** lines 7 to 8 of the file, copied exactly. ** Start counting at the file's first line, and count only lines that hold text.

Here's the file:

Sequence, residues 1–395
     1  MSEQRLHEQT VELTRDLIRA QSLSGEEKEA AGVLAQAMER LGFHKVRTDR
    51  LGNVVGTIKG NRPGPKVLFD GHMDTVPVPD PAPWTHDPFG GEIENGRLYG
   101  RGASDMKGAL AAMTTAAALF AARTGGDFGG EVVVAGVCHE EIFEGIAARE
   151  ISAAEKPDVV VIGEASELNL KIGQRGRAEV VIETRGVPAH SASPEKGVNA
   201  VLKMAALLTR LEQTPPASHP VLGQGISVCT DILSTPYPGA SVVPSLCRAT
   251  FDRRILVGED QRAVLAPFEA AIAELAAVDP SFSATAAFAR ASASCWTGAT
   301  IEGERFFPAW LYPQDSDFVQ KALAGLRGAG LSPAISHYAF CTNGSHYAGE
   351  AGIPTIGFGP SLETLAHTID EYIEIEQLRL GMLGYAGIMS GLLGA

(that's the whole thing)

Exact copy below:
   251  FDRRILVGED QRAVLAPFEA AIAELAAVDP SFSATAAFAR ASASCWTGAT
   301  IEGERFFPAW LYPQDSDFVQ KALAGLRGAG LSPAISHYAF CTNGSHYAGE